Nurturing the spirit of all faiths and traditions

What unites us is our desire to raise dynamic kids with a strong moral compass. What defines us is our quest to discover how we are each uniquely called to serve the world.

Rooted in the Episcopal tradition, which encourages and fosters inclusion, EDS comprises a diverse population of students, families, and faculty. Clear about our own identity as an Episcopal parish day school, EDS views the contributions of children and families of other faith traditions as a source of richness and strength. Our worship, grounded in those same Episcopal traditions, invites praise, inspires prayer, encourages reflection, and sends us each out to love and serve the Lord in our own way.

In religion classrooms, through Godly Play, Bible, and World Religions curricula we thoughtfully engage our faith through student-centered learning and discovery.  Challenged by our growth in class, chapels, and community service, we are committed to reaching out wherever we discern need in the local community and the world. Outreach opportunities enable us to promote the moral and spiritual growth of our students, regardless of their faith traditions, as we endeavor to teach students to lead lives of purpose, faith, and integrity.

Finally, our faith finds its truest fulfillment in the many ways in which we show love, compassion, and empathy for one another.

Rev. Dr. Lisa Barrowclough

Chaplain and Chair of Religious Life

EDS Faculty since 2012; 13 years prior experience
B.A., The University of Western Ontario
M.Div., Queen’s College
D.Min., Virginia Theological Seminary

The following excerpt from “The Idea of an Episcopal School” captures our identity as a Christian School in the Episcopal Tradition:

What is an Episcopal school?

Episcopalians, like all Christians, believe that our life is founded on the life of Jesus, and that as a Church, we are called to offer the redeeming love of God to all people.

Episcopal schools are concrete expressions of the Church’s care for young people and their families, and of the belief that God calls us to love all of God’s children. What Episcopal schools strive for, teach, believe, emphasis and cultivate, grows out of present needs and looks forward to the demands of the future.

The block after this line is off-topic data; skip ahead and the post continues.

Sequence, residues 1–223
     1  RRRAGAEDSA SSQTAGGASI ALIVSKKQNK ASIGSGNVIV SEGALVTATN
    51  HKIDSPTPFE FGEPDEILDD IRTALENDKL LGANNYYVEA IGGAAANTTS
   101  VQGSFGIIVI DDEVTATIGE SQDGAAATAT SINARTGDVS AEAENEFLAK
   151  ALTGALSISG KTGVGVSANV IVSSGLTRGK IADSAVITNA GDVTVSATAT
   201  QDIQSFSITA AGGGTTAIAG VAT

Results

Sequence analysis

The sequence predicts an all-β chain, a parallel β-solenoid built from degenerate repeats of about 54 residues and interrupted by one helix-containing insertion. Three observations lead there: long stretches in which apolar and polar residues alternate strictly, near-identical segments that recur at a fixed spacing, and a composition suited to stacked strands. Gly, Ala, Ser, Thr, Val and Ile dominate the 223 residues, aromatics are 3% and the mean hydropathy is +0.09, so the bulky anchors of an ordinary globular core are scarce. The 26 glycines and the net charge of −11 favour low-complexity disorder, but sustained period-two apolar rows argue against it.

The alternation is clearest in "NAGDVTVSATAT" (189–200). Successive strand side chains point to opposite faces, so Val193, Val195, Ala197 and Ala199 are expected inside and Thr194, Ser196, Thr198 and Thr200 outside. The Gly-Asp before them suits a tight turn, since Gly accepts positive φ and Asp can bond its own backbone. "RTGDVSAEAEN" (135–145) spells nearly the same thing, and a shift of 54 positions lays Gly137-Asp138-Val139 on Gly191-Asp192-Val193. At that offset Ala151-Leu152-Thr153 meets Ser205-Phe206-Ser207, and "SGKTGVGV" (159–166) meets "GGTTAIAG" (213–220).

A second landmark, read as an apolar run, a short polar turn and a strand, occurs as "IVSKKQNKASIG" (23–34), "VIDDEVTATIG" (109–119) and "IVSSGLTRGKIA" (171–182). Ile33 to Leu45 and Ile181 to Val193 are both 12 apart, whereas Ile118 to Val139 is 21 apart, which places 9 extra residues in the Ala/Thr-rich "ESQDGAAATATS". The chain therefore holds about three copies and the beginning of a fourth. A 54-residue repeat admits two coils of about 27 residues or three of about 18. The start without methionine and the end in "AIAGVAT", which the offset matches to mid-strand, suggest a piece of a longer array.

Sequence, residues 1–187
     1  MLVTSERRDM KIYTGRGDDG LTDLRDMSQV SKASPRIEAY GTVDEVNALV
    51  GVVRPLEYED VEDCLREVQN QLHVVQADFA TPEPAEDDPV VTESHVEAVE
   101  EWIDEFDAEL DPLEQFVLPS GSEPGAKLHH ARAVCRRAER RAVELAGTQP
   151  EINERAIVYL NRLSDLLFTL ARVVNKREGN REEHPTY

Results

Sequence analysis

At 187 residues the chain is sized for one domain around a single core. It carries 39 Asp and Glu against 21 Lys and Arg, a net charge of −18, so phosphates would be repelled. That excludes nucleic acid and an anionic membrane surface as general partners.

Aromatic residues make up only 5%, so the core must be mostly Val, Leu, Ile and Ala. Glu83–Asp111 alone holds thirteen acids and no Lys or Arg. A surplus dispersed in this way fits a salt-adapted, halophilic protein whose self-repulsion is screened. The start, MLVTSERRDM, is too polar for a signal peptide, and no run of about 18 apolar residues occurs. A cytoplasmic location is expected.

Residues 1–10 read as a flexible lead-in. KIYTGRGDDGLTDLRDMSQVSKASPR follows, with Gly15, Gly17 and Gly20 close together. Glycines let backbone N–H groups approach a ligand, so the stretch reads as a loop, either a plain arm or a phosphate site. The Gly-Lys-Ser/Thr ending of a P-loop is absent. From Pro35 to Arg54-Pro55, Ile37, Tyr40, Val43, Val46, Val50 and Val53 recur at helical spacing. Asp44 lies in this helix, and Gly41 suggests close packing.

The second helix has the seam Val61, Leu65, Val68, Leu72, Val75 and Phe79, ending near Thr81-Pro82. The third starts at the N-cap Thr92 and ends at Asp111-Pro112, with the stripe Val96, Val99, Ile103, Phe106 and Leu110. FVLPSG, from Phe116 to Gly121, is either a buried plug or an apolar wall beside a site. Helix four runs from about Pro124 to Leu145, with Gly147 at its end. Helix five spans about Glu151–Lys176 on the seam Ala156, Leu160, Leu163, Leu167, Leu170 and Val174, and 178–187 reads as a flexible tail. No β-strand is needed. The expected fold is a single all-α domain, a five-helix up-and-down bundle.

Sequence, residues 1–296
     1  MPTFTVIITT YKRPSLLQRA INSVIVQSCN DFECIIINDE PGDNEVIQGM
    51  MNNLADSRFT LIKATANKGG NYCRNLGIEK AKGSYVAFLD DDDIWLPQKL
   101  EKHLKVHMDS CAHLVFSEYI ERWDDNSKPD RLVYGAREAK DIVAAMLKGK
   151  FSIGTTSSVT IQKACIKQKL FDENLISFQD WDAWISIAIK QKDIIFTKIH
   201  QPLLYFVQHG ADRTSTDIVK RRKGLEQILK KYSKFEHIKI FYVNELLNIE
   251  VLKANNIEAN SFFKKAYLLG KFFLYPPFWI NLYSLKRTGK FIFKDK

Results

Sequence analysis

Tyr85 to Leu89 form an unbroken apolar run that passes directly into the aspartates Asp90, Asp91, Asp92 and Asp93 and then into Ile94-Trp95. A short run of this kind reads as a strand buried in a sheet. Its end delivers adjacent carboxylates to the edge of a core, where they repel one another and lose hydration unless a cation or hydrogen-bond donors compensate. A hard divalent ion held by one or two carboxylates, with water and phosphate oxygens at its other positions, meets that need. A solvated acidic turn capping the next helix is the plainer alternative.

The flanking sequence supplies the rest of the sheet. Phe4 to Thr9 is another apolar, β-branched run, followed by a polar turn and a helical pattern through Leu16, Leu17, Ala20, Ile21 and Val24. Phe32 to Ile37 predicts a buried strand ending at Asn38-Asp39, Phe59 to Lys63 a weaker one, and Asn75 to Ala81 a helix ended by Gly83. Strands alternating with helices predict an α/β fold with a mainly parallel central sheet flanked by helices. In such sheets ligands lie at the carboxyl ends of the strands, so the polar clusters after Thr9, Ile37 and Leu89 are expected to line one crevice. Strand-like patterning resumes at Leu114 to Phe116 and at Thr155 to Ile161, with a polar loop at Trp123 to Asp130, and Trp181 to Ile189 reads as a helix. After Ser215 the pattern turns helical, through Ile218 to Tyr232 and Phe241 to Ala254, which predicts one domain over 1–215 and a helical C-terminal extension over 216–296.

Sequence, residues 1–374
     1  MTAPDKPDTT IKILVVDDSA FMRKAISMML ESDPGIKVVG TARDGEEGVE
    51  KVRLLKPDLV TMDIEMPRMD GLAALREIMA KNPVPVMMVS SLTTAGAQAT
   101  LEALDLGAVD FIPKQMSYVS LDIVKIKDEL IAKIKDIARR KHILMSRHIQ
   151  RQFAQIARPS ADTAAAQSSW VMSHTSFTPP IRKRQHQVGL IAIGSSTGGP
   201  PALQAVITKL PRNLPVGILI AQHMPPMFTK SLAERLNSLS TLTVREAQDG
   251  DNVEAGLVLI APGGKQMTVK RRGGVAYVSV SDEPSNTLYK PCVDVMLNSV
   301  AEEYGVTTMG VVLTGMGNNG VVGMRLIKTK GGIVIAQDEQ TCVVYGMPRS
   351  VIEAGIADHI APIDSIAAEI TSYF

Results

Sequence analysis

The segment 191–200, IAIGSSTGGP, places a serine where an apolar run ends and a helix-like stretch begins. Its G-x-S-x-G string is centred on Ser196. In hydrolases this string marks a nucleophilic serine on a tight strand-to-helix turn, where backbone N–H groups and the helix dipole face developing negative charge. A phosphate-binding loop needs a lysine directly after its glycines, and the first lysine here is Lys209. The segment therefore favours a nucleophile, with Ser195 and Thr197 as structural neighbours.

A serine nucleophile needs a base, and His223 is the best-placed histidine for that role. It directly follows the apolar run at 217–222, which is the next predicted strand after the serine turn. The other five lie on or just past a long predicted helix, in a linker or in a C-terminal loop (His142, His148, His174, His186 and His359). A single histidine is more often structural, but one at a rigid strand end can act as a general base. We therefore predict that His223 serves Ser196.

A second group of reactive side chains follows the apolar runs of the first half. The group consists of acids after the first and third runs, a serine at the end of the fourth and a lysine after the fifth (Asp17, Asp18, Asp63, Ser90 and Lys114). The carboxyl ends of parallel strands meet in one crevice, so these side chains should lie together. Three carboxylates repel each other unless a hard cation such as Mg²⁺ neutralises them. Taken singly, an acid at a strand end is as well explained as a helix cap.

An Episcopal school is comprehensive and inclusive

The Episcopal Church encourages respect for the other person’s beliefs. Therefore, an Episcopal school should not discriminate on the basis of race, creed, or national origin, and should actively seek out faculty and students of diverse backgrounds and traditions. We do so in the belief that they bring something to be valued and respected, and because we wish to be broadly inclusive of the community we serve. An Episcopal school looks for values that unite people rather than those that divide.

The unity of an Episcopal school is based on rite and tradition

In an Episcopal school there likely will be no list of rules that define who we must be as a community. Every member of the community should be able to join in celebrating the life of the community in some ritual way (formal or informal), as it embodies a sacramental principle dear to us: God makes sacred the things of this world as they are offered to God in worship.

An Episcopal school values reason as a way to true understanding

In the Episcopal tradition, learning is important not to find the right answers to be used against others, but in order to arrive at God’s truth. An Episcopal education will raise issues of meaning, identity, and ultimate truth at every opportunity in all parts of its program, but will also acknowledge the limits of human reason.

An Episcopal school has a concern for the well being of society

An Episcopal school will help children understand that they do not exist apart from society, that society’s issues are their issues, and that they are called upon to respond to the needs of others.

An Episcopal school is founded on love

Love for students, for their value as children of God, for their unique gifts, must be the foundation of all we do. We must act out of love, teach love, model love, and love one another in our community above all else. Without this love, all else is meaningless.